Thomas G. Stemberg ’71, founder of the retail chain Staples and a prominent supporter of the Harvard mens’ basketball program, characterized the College’s handling of the Government 1310 cheating scandal as “Orwellian” in a personal letter addressed to University President Drew G. Faust.
In the letter, whose greeting read, “Dear Drew,” Stemberg leveled a harsh rebuke at the academic dishonesty investigation that brought down the two co-captains of a Harvard team with NCAA tournament prospects.
“Over 40 years as a student, an alumnus, and Harvard parent, I have never seen the need to write a letter of complaint,” Stemberg wrote in the opening line of his letter. “However, the University’s approach to and handling of the so-called ‘Congress’ cheating scandal compels me to write one.”
Stemberg declined to comment on the letter, which was dated Jan. 6 and obtained by The Crimson earlier this week. Stemberg’s criticism emerges near the close of an investigation that has ensnared about 125 students accused of inappropriately collaborating on a take-home final exam in the spring course Government 1310: “Introduction to Congress.”
Harvard announced the massive cheating case at the end of August, and last week a Harvard spokesperson said that the College would make an announcement about the results of the case near the start of the spring semester.
In addition to sending his letter to Faust, Stemberg sent copies to Dean of the College Evelynn M. Hammonds, Dean of the Faculty of Arts and Sciences Michael D. Smith, Executive Director of the Harvard Alumni Association John P. Reardon, Jr. ’60, and members of the Harvard Corporation. All declined to comment on this article.
Harvard Director of News and Media Relations Kevin Galvin declined to comment on the correspondence on behalf of Faust.
Stemberg is listed on gocrimson.com as a co-chair of the Friends of Harvard Basketball, an organization of alumni that fundraises for the team.
He played a major role in revamping Harvard’s basketball program after former head coach Frank Sullivan was let go in 2007. With other alumni donors, he helped finance a salary increase to recruit current head basketball coach Tommy Amaker, who led the Crimson to its first March Madness appearance in 66 years last season. Star players Kyle D. Casey ’13 and Brandyn T. Curry ’13, who were instrumental in the team’s success last year, were named co-captains of the squad and expected by some to lead the Crimson to a third straight Ivy title this season.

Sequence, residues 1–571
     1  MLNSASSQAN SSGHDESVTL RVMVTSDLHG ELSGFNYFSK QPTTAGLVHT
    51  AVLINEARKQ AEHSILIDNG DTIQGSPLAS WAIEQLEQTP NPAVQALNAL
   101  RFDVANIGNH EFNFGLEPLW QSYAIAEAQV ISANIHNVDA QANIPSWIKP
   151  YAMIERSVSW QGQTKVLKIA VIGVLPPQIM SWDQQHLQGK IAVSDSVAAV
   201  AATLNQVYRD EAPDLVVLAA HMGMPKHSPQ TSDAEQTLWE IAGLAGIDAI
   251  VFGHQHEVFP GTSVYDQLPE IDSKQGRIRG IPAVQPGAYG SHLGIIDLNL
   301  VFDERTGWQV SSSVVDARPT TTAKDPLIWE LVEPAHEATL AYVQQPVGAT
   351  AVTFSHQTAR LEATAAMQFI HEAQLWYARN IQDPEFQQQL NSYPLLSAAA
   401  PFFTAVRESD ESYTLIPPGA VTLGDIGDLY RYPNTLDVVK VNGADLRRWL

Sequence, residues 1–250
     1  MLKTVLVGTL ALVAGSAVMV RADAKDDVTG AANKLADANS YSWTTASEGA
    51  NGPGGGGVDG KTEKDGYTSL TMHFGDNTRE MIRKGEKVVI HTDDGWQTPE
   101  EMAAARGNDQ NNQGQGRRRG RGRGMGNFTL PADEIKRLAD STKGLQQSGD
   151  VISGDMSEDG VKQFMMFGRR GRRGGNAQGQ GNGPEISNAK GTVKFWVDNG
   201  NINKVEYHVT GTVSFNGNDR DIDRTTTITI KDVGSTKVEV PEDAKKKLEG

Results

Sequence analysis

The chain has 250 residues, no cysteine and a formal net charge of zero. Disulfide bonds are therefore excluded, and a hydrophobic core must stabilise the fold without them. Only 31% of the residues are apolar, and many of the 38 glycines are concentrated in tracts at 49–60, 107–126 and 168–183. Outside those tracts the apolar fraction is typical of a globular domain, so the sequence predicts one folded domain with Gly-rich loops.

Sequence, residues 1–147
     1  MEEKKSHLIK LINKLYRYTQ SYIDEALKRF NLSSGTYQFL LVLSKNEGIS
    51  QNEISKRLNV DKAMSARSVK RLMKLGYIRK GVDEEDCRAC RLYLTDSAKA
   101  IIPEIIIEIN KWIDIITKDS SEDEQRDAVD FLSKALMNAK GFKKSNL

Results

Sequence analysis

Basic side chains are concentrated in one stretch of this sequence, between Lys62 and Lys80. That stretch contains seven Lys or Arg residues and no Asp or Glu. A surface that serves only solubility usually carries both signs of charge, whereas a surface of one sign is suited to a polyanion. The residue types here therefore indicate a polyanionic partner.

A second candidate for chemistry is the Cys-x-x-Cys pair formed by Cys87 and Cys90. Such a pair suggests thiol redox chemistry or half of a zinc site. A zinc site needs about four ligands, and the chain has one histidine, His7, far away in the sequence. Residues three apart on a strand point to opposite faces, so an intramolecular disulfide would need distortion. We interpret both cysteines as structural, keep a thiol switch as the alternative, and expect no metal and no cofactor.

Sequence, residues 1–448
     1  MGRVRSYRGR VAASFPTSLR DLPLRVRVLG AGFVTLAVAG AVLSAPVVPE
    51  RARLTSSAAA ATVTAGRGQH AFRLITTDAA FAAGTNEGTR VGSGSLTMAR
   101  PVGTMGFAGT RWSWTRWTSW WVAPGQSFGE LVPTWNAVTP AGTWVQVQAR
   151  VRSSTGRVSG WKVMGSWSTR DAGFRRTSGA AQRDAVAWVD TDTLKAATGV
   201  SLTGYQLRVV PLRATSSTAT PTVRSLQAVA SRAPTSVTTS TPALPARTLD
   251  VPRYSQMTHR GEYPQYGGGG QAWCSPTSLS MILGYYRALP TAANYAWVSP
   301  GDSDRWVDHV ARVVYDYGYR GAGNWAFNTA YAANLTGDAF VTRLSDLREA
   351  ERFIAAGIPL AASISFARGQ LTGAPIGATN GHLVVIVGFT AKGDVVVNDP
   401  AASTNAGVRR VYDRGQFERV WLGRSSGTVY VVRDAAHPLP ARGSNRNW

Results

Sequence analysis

But their prospects were derailed by Harvard’s Government 1310 investigation. Media outlets reported in September that both chose to withdraw from the College to minimize NCAA eligibility penalties as they awaited possible disciplinary consequences resulting from the scandal.
Stemberg wrote that he personally knows some of the approximately 125 accused students. In his letter, Stemberg classified the students embroiled in the scandal into two different categories: those who “clearly went too far, literally cutting and pasting their answers,” and those who “did no more than write answers from notes that were derived in the collaborative atmosphere the class encouraged.”
Stemberg slammed the University for dolling out the same punishment to both groups, dragging students “through a seemingly endless judicial process.” That process, Stemberg wrote, “damag[ed] the educational experience and the reputation of scores of innocent students.”
Stemberg also excoriated the way that assistant government professor Matthew B. Platt organized Government 1310, writing that the structure of the class confused students and contributed to the scope of the scandal.
“We had a professor who, like many the Faculty of Arts and Sciences assigns to teach undergraduates, was clearly not qualified to do so,” he wrote. At press time, Platt could not be reached for comment.
According to Stemberg, Platt’s inconsistent instructions left many confused about the course’ s collaboration policy.